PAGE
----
Through Sun 6/30
Photo by Steve Wagner
Three families, one white and wealthy, one immigrant and poor, and one black and on the rise, represent turn-of-the last century dynamics. Instrumental and vocal music — not just ragtime, but klezmer, waltzes and more — expresses their emotions, hopes, and dreams.
The story follows what happens when (among other things) Mother (Bridie Carroll) finds an infant in the garden of her comfortable suburban estate. She takes in (and loves) the baby who, as it turns out, is the child of the black servant Sarah (Mariah Burks) and her lover, the soon-to-be-famous ragtime musician Coalhouse Walker, Jr. (Eugene Sumlin). At the same time, penniless Jewish immigrants Tateh (Scott Esposito) and his young daughter (Elise Pakiela) have just arrived in the United States. Ragtime tells what happens as their lives intertwine over the years.
There’s heartbreak, violence, injustice (no one is an angel here, except the little children), and new-found happiness and reconciliation. Something for everyone.
Overall, it’s a delightful summer show with several outstanding performances. As a peacekeeper, Bridie Carroll’s “Mother” handles her pivotal role with elan and grace. Burks’ Sarah shows passion in her despair and pride. While Sumlin’s smooth Coalhouse Walker adds panache to the portrayal of his proud, self-respecting character, at times he seems a little too gentle in his anger.
Displaying great fire, Nyla Watson as “Sarah’s Friend” rocks the first-act ending with a moving, full-voiced “Till We Reach That Day.” In the final scenes, Isaiah Jackson, as Coalhouse’s and Sarah’s little son, is so darn cute it’s just as well he doesn’t appear earlier in the show — he’d have stolen every scene. (As an infant, he’s represented by several alarmingly small bundles carried around by Mother. Real mothers in the audience exchanged wry smiles about baby’s unbelievable size and silence.)
Esposito’s Tateh illustrates beautifully (both literally and figuratively) how creativity can bring wealth without sacrificing compassion. Esposito and Carroll (Mother) persuade us that love prevails in the affirming “Our Children.”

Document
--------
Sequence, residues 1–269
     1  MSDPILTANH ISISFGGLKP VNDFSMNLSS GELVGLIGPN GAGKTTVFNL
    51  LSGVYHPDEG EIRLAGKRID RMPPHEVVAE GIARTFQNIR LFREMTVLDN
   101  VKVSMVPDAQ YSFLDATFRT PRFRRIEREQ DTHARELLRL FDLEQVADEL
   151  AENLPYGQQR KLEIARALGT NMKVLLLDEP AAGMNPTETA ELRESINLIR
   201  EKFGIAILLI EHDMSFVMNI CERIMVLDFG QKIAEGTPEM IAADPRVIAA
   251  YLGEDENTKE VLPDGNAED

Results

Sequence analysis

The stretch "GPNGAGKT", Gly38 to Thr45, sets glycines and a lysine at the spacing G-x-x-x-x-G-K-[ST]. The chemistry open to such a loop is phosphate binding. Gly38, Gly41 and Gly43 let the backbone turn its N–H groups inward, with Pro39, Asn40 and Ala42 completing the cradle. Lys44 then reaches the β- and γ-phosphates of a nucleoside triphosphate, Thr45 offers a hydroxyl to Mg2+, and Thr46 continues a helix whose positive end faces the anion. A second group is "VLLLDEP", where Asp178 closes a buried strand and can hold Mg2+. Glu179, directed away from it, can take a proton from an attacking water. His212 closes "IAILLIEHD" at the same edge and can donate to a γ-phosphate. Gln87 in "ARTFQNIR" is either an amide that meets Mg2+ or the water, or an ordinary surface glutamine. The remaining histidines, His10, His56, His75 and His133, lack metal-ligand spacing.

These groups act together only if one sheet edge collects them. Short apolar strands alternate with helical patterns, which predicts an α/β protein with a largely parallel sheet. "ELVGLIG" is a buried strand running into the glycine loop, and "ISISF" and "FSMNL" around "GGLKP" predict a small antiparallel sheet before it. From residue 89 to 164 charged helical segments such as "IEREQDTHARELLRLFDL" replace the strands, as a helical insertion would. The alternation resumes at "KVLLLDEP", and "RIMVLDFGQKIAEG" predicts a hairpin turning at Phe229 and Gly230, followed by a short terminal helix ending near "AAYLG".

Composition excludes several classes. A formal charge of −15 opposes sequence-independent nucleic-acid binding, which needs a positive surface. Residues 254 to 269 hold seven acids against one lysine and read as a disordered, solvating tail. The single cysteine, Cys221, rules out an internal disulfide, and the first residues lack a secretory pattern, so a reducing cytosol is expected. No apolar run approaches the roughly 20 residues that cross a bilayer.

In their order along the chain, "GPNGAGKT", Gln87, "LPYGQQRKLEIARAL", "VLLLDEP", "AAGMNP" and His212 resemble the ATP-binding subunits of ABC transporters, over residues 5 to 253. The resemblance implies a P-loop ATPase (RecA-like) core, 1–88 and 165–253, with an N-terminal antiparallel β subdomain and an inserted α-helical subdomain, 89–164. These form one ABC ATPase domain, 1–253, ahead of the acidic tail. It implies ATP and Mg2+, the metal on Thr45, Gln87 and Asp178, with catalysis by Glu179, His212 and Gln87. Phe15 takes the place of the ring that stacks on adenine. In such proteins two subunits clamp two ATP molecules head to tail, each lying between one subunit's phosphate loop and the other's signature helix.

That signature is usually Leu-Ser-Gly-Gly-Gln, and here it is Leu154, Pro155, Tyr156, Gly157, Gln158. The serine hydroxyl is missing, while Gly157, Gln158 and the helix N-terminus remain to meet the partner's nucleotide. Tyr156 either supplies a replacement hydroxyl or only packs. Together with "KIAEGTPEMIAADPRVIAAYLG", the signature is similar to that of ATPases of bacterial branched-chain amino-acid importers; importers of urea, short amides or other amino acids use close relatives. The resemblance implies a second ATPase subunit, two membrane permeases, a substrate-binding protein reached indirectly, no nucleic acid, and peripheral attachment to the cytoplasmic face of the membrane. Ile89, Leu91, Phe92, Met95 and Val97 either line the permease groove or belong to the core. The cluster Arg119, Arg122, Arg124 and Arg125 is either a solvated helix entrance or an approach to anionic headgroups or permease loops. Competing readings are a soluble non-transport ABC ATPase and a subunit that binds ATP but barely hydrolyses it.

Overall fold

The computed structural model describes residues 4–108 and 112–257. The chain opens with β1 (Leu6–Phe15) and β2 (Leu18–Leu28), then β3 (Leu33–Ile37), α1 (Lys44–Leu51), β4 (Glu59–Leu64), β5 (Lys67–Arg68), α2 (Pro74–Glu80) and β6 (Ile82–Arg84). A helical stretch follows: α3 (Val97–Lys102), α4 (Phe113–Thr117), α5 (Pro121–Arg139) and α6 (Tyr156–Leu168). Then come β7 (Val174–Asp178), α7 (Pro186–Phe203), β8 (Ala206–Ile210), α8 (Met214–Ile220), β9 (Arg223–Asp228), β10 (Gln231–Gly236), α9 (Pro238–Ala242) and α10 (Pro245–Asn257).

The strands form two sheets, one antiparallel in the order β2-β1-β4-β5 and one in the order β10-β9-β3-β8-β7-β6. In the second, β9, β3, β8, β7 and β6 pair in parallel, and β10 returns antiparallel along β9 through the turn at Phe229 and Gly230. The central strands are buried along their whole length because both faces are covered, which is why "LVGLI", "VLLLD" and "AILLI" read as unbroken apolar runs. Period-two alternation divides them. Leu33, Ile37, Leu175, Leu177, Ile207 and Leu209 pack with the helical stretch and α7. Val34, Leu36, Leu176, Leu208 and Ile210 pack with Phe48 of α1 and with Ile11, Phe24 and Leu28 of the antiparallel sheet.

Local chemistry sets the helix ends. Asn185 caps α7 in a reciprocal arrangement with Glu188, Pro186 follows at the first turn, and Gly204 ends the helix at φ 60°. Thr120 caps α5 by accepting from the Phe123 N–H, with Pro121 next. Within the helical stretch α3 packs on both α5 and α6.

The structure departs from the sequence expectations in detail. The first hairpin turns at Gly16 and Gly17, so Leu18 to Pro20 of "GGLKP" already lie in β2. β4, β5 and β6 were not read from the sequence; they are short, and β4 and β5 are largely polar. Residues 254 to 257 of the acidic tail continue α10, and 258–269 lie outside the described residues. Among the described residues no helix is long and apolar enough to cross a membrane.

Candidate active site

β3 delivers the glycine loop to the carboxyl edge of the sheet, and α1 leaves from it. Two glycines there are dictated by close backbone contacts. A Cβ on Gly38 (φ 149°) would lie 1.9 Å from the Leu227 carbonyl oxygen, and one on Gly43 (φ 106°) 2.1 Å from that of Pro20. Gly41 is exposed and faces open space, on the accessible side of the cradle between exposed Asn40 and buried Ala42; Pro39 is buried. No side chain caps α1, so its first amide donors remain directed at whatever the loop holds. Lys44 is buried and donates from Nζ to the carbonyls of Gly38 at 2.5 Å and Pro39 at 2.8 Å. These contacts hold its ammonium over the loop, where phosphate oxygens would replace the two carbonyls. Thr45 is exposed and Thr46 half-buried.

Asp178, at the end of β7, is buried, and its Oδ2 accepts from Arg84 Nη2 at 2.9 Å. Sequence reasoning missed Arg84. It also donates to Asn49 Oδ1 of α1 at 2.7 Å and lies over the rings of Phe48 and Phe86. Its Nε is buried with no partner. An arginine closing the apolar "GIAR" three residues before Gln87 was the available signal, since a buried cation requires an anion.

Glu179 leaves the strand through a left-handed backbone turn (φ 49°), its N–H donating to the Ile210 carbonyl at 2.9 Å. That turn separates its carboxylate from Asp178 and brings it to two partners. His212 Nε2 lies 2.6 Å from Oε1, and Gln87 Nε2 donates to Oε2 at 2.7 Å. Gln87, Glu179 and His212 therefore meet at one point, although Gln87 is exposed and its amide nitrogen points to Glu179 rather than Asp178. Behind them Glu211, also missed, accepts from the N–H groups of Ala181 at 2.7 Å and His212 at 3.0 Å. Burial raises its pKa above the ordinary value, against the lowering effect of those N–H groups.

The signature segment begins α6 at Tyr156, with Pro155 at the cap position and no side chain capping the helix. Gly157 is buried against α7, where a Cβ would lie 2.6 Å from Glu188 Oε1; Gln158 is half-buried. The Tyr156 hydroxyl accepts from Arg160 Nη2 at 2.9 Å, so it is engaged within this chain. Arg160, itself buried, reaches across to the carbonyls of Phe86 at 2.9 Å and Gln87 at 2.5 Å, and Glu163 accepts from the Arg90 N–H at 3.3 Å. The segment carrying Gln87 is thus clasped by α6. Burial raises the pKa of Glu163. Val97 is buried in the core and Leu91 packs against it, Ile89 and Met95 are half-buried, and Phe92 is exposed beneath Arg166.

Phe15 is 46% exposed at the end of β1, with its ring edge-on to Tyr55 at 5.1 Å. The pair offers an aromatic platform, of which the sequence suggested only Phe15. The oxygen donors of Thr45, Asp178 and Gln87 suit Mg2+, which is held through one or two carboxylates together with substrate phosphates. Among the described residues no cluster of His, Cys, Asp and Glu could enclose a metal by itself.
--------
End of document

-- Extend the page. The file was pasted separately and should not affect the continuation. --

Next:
Beauty Anna Barrett, playing celebrity tramp Evelyn Nesbit (and singing “The Crime of the Century”), brings a wicked sense of humor to the role.
The newly configured in-the-round Alma Theater stage should also get special mention. Ragtime can be a big production for large spaces (as it was in Toronto in 1996 when I first saw it). The new oval space at Cain Park meant that the cast (over two dozen) could be seen and heard by people on all four sides at once, thanks to choreographer Imani Jackson and the director. Big kudos to artists Brittany Ganser and Justine Schneider for handcrafting the cleverly imagined setting that brought us closer to the story.
Credit for “making it real” should also go to set and lighting co-designers Trad A Burns and Ben Gantose who found a new use for pianos and also created an amazing staircase. Costume designer Tesia Dugan Benson and wig designer Janel Moore brought the era alive. Sound designer Carlton Guc handled the tricky acoustics so that even when characters were not facing us, we could still understand them. Jordan Cooper directed the small above-stage orchestra that ably handled the show’s various styles.
BOTTOM LINE: Filled with tunes great and small, Ragtime mixes history with music. If visual art also intrigues you, then visit the Cain Park’s Feinberg Gallery (next to the Alma) while you are there. Running through July 21, the current exhibition The Ends of the Earth … Lead You Home features photography by Will Slabaugh and Catherine McManus. Slabaugh’s intriguing photographs taken in Japan (and printed on handmade paper) show in subject and creation how old and new can blend. McManus’s varied photographs document her visit to the United Kingdom.